My name is Jonathan Zwickel, and I love the Grateful Dead.
I'm not the only one. Alt-country chanteuse Jesse Sykes loves the Grateful Dead—she started seeing shows in the mid-'80s. Marty Marquis of Blitzen Trapper loves the Grateful Dead. Steven Severin, co-owner of Neumo's, loves the Grateful Dead—he's seen close to 50 shows all over the West Coast. Whalebones' lead singer Justin Deary never made it to a Dead show, but he hung out in a bunch of parking lots outside of Dead shows. Andrew Sullivan of gutter-punk quartet the Trashies loves Workingman's Dead and American Beauty. David Dederer, former guitarist of the Presidents of the United States of America, declares Jerry Garcia to be one of the top five instrumentalists of any instrument of any era. Colin Johnson, Nectar's booker, sees a connection between the rave culture he loves and the Dead culture he loves.
For 30 years people like us have lived in quiet shame of our Deadish leanings, concerned for our credibility, afraid to haul out our Skeletons from the Closet before anyone but our brethren. The woozy jam-band scene of the '90s only deepened the stigma. And so Deadheads have zero sense of humor about our tendencies—we're afraid we won't be taken seriously if they're made public.
"What's this interview for?" Jesse Sykes asks. "You gonna make fun of me?"
Sykes is skeptical, and rightfully so. She's an avowed Dead fan, and it takes my own admission of avowed fandom to assuage her concerns. But like shameless addicts, we let the commiseration flow once the floodgates are open.
"When it comes down to it, I just love their music," she says. "They were the quintessential American band, and really experimental, and constantly changing. I don't like where they ended up, but goddamnit, they were definitely a huge inspiration."
"I'm not ashamed of it by any means," says Steven Severin. "It was a big part of my life for a long time. I'm sure I learned a whole lot from those experiences and I had a great time doing it."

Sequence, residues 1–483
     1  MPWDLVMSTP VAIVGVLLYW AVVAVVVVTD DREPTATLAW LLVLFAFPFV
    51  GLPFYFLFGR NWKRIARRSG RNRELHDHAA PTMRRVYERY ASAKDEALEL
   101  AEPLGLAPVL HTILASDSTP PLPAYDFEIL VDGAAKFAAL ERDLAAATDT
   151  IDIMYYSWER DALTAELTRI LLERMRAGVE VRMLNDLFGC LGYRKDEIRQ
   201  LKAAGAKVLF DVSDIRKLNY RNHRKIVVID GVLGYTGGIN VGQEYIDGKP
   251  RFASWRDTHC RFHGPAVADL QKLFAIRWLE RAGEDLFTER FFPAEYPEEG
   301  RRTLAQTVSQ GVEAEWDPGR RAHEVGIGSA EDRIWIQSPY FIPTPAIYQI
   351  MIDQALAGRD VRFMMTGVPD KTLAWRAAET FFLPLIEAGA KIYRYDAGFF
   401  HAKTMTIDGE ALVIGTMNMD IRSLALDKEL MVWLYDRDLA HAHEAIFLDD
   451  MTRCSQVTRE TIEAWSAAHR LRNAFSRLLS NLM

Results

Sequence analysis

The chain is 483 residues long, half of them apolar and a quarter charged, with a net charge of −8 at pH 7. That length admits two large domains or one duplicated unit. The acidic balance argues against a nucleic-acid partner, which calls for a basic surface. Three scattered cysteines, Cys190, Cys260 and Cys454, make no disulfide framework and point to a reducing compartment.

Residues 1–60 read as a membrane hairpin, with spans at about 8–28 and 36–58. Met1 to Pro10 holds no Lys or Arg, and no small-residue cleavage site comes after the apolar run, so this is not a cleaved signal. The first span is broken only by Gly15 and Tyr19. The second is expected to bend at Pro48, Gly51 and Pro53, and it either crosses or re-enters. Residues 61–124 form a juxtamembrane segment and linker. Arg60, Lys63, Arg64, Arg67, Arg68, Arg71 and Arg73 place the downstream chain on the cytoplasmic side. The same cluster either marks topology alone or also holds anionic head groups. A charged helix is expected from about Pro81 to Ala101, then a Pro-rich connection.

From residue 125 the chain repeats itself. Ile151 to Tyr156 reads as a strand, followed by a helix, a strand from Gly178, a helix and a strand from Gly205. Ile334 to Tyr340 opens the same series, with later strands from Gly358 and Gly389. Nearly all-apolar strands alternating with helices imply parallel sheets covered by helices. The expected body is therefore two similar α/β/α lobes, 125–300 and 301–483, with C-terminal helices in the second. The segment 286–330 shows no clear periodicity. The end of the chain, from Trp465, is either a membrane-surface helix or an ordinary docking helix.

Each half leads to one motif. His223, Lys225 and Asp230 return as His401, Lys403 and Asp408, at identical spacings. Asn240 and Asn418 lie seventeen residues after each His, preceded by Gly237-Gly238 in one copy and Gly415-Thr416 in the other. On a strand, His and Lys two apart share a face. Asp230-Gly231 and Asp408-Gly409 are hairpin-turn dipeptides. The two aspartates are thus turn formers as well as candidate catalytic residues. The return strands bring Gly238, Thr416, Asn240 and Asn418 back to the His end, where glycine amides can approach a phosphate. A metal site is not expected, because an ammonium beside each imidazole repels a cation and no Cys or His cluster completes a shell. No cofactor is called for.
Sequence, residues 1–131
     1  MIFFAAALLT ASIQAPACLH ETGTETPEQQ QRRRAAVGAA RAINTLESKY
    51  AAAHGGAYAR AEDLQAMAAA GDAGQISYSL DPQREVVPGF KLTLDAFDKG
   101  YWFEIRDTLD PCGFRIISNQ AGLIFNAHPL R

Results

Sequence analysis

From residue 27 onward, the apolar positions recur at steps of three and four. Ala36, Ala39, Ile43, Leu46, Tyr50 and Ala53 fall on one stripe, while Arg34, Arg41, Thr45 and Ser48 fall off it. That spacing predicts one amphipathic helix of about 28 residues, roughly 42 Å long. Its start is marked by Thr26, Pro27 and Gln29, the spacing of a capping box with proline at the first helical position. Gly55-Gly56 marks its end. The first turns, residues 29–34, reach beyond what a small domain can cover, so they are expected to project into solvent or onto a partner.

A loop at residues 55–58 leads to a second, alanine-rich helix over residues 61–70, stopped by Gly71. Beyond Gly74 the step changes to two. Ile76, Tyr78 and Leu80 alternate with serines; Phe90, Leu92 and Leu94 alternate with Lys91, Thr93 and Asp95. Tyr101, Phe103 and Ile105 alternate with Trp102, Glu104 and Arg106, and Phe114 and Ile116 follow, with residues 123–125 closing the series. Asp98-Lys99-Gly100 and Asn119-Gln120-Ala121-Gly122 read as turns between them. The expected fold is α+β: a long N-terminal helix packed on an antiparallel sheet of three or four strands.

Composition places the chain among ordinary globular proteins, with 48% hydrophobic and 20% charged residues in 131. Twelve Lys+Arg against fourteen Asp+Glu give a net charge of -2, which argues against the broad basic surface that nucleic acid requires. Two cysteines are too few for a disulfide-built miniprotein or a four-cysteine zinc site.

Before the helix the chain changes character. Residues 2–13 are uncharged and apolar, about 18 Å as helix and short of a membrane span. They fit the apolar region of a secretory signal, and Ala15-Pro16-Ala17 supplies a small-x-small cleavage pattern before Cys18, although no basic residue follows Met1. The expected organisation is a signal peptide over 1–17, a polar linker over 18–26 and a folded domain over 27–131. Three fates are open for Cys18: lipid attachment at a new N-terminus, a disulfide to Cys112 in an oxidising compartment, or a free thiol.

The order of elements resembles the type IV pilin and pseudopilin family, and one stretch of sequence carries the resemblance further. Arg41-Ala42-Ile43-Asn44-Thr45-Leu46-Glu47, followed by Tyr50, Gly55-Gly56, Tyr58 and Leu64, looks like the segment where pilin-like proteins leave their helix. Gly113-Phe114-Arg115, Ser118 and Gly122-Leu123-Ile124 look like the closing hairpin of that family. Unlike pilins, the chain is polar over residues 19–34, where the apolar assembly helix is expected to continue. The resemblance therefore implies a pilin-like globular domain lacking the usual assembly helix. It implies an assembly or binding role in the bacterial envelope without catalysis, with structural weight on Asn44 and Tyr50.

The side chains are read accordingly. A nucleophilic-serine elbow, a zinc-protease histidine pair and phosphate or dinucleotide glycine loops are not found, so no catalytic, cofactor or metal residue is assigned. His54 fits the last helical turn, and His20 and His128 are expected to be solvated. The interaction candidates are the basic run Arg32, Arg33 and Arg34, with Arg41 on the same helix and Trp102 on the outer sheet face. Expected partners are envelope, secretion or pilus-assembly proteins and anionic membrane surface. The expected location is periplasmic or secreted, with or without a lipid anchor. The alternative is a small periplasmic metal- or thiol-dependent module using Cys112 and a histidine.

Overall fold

Severin had to endure heckling from his peers once word spread that he was interviewed for this story.
"I'm getting IMs, like, 'Boo, I heard you like the Dead,'" he says. "I'm like, you can't 'boo' me. It's huge. Every show sold out, generally, every city they all sell out. Giants Stadium—60, 70 thousand people, multiple nights. Nothing will ever compare to how fanatic people were about the Dead."
Every rock band aspires to cult status; the Dead were the first to achieve it. In their heyday—roughly from 1966 to the early '80s—Dead concerts embodied a vital subculture of artists, philosophers, rebels, and seekers. No theology, all ritual: music and travel and sex and drugs.
And a figurehead—Deadheads would travel thousands of miles through hostile territory for just three hours with Jerry. No sane, detached, nihilistic hipster would believe enough in anything to go that far.
By the mid-'80s, after a slew of lineup changes, financial debacles, and drug problems, the quintessential live Dead experience was on the wane. The music wasn't as good. The drugs were getting harder. Weirdly, this era, when the band was at its worst, the experience at its most diluted, is when their concerts began attracting a wider audience.
"It breaks my heart when people think of rich kids in the Saab turbo following the band around shitty coliseums in the '80s," Sykes says. "You have to forgive them for that. There are idiots that like Arcade Fire, too."
"There are many people turned off by the dreadlocks-and-patchwork thing," says Whalebones' Justin Deary. "But if you put on Workingman's Dead or American Beauty—one of the records that's easy to get into—they're like, 'This is awesome!'"
Severin had the same distaste for the hippie set but couldn't get enough of the music.
"I would go to shows wearing Black Flag shirts and listening to Suicidal Tendencies," he says. "I never fit in, but I fucking loved the music so much that I had to go again and again."
Some were taken by the pure sociological experiment of the concert experience.
"The music live was okay; it didn't hit me that hard," says Marty Marquis, singer and guitarist for Portland's Blitzen Trapper. "I got the impression they were old and tired and the fans let them get away with whatever they were capable of. The cultural thing was a lot more engaging than the music ever was, and those bigger horizons are what make them important."
And there's Jerry.
"I liken his tone to ball bearings on glass," says Dave Dederer, formerly of the Presidents. "It's unmistakable. There are very few players of any instrument who have such an immediately recognizable sound."
None of the Dead's musical progeny have come close. The jam-band scene was a misreading of the source material; true descendants are bands like Sonic Youth, Pavement, Meat Puppets, Devendra Banhart, Comets on Fire, Deerhunter.
It's 12 years this month since Jerry died and the Dead broke up. There's a Jerry Garcia Celebration happening at Nectar on Friday, August 3, to commemorate.
I doubt I'll go. The bands on the bill—they kinda email@example.com